Knowledge Is Dangerous

Warning: Atheist ideas ahead. If you’re not comfortable with that, click elsewhere quickly!

I’m not an authority on the history of science, but I’ve read that modern science began, 400-odd years ago, with the idea that because God had created the Universe, we could learn about God by studying His handiwork.

As an operational theory, this hasn’t panned out so well. Based on the best available evidence, we can now confidently assert the following:

  1. There is not the faintest shred of convincing evidence for personal immortality or the existence of the soul. When you’re dead, you’re dead.
  2. Most of the world’s so-called holy books are a mishmash of good advice, bad advice, weird myths disguised as history, outright mistakes, and self-serving interpolations by ignorant scribes. Also, the translations are unreliable.
  3. At least 99.9999% of the Universe is utterly hostile to any form of life.
  4. There is no detectable moral force at work by means of which good is rewarded and evil punished. It’s all pretty much a crap shoot.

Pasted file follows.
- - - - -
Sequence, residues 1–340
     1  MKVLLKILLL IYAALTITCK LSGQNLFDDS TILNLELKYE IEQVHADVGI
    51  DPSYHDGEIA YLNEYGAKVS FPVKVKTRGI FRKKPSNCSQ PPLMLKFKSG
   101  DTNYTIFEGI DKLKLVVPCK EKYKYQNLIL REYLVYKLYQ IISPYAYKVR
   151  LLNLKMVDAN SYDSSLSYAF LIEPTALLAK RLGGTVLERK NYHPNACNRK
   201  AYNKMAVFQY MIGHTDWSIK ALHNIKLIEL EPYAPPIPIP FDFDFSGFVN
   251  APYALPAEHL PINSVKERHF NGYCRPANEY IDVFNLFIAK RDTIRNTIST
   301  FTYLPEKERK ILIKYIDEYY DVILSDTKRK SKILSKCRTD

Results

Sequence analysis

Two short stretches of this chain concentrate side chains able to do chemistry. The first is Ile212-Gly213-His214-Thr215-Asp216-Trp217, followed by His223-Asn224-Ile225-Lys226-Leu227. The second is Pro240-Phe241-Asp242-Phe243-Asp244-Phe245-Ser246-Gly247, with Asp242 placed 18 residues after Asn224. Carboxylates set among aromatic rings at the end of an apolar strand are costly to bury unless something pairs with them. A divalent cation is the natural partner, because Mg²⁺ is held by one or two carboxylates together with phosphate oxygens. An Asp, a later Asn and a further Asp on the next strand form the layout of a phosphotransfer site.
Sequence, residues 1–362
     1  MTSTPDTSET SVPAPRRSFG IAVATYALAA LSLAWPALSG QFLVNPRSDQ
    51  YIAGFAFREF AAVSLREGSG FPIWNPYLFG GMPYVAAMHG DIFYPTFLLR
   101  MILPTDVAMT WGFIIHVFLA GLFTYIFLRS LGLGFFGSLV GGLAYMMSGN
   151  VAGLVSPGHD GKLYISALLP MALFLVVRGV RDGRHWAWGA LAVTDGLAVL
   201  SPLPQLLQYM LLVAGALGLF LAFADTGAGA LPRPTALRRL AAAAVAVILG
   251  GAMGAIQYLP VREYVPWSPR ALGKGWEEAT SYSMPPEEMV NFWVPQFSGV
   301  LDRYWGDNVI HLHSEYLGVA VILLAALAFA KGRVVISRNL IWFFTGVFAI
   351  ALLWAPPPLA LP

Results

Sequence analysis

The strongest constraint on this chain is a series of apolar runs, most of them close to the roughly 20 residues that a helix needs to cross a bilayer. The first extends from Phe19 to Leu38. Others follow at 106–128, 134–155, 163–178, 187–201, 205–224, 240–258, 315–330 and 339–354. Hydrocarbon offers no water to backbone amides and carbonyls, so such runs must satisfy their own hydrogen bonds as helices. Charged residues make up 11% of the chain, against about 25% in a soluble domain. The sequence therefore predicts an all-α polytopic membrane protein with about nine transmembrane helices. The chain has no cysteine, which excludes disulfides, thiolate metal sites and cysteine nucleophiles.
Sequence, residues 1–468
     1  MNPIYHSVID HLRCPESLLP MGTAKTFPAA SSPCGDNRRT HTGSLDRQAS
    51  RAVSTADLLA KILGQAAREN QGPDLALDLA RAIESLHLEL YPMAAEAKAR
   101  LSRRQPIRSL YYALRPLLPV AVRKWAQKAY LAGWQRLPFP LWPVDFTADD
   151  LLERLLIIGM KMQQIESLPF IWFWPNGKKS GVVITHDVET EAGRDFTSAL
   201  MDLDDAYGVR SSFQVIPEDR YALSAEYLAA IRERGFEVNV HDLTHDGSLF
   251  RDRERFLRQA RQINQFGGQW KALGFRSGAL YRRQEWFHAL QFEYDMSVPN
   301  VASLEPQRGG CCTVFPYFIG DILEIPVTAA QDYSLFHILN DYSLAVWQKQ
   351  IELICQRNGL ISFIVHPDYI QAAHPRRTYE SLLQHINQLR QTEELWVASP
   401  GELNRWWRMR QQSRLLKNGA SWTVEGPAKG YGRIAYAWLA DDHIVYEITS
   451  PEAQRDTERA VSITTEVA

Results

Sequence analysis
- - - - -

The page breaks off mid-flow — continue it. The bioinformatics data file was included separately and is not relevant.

What sort of God would create a Universe like this? That’s an uncomfortable question.

Rationalists who retain a sentimental attachment to religion sometimes proclaim that there is no real conflict between religion and science. They’re wrong. When the pope tried to shut Galileo up, he knew exactly what he was doing. Scientific knowledge does indeed render religion untenable. At least, it renders all existing religions untenable (with the possible exception of Buddhism, about which I don’t know very much). Possibly a better crafted religion will arise in the future.

You can live a life of faith, or a life of reason. The life of faith is probably more comfortable; I wouldn’t actually know. The life of reason is certainly terrifying, but it does have certain faint consolations.

You don’t have to let your daily activities be ruled by ancient taboos, for instance. That’s a plus.

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